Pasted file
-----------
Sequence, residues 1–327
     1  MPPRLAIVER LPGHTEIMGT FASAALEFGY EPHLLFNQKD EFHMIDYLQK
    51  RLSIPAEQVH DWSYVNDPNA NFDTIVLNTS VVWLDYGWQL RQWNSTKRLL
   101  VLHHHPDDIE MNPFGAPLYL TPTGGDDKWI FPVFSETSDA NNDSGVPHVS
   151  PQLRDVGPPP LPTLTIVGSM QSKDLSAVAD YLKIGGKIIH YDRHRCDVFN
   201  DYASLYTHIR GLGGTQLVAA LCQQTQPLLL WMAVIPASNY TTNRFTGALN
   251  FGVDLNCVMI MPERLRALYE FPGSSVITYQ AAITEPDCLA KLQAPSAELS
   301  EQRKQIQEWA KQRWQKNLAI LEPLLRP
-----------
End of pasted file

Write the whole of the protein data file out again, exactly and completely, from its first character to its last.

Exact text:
Sequence, residues 1–327
     1  MPPRLAIVER LPGHTEIMGT FASAALEFGY EPHLLFNQKD EFHMIDYLQK
    51  RLSIPAEQVH DWSYVNDPNA NFDTIVLNTS VVWLDYGWQL RQWNSTKRLL
   101  VLHHHPDDIE MNPFGAPLYL TPTGGDDKWI FPVFSETSDA NNDSGVPHVS
   151  PQLRDVGPPP LPTLTIVGSM QSKDLSAVAD YLKIGGKIIH YDRHRCDVFN
   201  DYASLYTHIR GLGGTQLVAA LCQQTQPLLL WMAVIPASNY TTNRFTGALN
   251  FGVDLNCVMI MPERLRALYE FPGSSVITYQ AAITEPDCLA KLQAPSAELS
   301  EQRKQIQEWA KQRWQKNLAI LEPLLRP